Website internationalization is the process of creating multiple websites for users in different locations with content in their native language. It is important that these websites are optimized for their target audience and are indexed and served to the correct users in the correct language. Our SEO Office Hours notes cover common questions around internationalization with advice and recommendations for optimizing international websites.
For more on international website optimization, check out our further resources:
There’s no way to guarantee that users are shown the correct international version of your site
For international sites, there’s no way to guarantee users will be taken to the desired version every time. The focus should be on following best practice, and then ensuring users can find the right version as easily as possible once they’re on the site. It’s recommended to implement a banner when you recognize users are in the wrong location.
Avoid automatic redirects, as you can never be 100% sure which version users want (a user’s geographical location doesn’t necessarily match their preferred market or language). Automatic redirects happen to Google too, so this method could cause search engines to miss other language versions of your site.
It’s okay if the same URL appears on multiple sitemap files
It’s fine to have the same URL included in multiple sitemap files. The only caveat is ensuring that there is no conflicting information being provided across the different sitemaps. For example, having a URL in a ‘regular’ sitemap and an hreflang-specific sitemap (for different language versions of your site) is perfectly acceptable, as long as any hreflang annotations given to that page are consistent across both sitemaps.
Mixed-language pages can be confusing to Google
In general, Google tries to use the primary content of a page to determine which language a page is targeting. However, it’s also recommended to make title tags and headings match the page’s primary language. Having various elements on one page in different languages makes it hard for Google to know how the page should appear in the index.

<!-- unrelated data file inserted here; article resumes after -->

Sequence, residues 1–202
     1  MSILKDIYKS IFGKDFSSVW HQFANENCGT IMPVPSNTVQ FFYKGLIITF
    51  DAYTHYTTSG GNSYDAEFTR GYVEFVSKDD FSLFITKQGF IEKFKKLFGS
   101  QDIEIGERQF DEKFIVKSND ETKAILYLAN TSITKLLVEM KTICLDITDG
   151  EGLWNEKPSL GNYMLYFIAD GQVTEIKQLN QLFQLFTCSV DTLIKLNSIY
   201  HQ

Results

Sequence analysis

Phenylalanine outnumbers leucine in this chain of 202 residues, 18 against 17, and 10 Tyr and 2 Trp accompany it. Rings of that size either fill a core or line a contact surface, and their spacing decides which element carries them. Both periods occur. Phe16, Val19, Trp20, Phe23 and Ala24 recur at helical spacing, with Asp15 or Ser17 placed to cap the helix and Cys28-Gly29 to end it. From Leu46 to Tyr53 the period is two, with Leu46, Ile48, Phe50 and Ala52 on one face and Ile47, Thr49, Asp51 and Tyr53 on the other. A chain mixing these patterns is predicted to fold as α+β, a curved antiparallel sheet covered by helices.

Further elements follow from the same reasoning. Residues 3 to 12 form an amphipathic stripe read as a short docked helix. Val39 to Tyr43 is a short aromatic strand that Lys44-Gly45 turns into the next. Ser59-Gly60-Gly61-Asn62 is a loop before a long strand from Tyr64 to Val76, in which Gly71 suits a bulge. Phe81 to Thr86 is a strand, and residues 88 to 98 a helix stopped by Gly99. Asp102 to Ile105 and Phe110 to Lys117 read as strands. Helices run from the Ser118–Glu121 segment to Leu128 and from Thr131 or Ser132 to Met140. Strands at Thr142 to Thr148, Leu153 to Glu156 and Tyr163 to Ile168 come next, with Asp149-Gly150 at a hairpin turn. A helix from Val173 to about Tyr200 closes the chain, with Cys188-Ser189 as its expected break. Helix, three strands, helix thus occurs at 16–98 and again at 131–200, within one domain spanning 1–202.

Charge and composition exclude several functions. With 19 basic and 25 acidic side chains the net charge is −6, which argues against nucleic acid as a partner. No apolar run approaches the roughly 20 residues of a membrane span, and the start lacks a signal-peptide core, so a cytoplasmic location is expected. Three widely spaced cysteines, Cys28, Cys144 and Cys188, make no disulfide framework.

You can ask Google not to translate your pages with a “notranslate” meta tag
Google’s translation feature aims to make your content accessible to a larger group of users, but there may be scenarios where you’d prefer pages not to be translated. It’s possible to prevent titles and snippets from being translated in search engine results pages with the “notranslate” meta tag. This signals to Google that a translation for that page is not required and will also stop users from being shown the ‘Translate this page’ prompt when they open a URL.
Noindexing pages with geo IP redirection is not ideal
One user asked about the use of geo IP redirection in conjunction with noindex tags. The example was having separate pages targeted at users in multiple locations, but using noindex tags to ensure just one is indexed.
John raised the point that Google typically crawls from one location (mostly using a Californian IP address). If the IP address directs Google to one of the URLs you have set to noindex, it might result in those pages not being indexed full stop. This approach, therefore, isn’t recommended. Instead, you should focus on making location-specific content easier to find once the user has landed on the site.
Language is evaluated on a per-page basis for SEO
Does an entire website need to be translated to rank well in an alternate language? John responded to a question about whether it would be ok to only translate some pages in a website rather than the entire site. He answered that language is looked at on a per-page basis, rather than evaluating whole parts of a website, so this approach would be fine. He recommended making sure that internal linking is in place to these translated pages so that they can be found.
It is not possible to specify which countries and regions content should rank in
There is no way to prevent Google indexing content in specific countries and regions, even if it’s not targeted to that audience. The example given was a user who wanted English pages to rank only in the US and the UK. If Google deems the content as relevant to users in other locations, there’s every chance it will be indexed there too (and nothing that webmasters can do to prevent this).
Try to Have the Fewest Internationalised Versions of a Site
Adding many internationalised versions of a website increases the complexity, so you’re better to have fewer versions if possible, especially if you have pages where you can rely on geo-targeting without hreflang. You can use Search Console and web analytics to see if people are landing on the wrong pages, and implement hreflang for those. For different language versions, hreflang can help Google to show the right version, but searches for long tail content are easily recognisable for which language version to show, so hreflang may not be necessary.
Hreflang May Not be Necessary For Translated Versions of Pages
Pages with different language content don’t necessarily need hreflang because the text is different so Google would treat them as unique pages and not as duplicates.
Google Tries to Detect User’s Language Preferences if Using Default Version of Chrome
Google is aware that sometimes users download the default version of Chrome in English rather than their preferred language, and will try to detect this and show the correct language versions of pages to help with localization.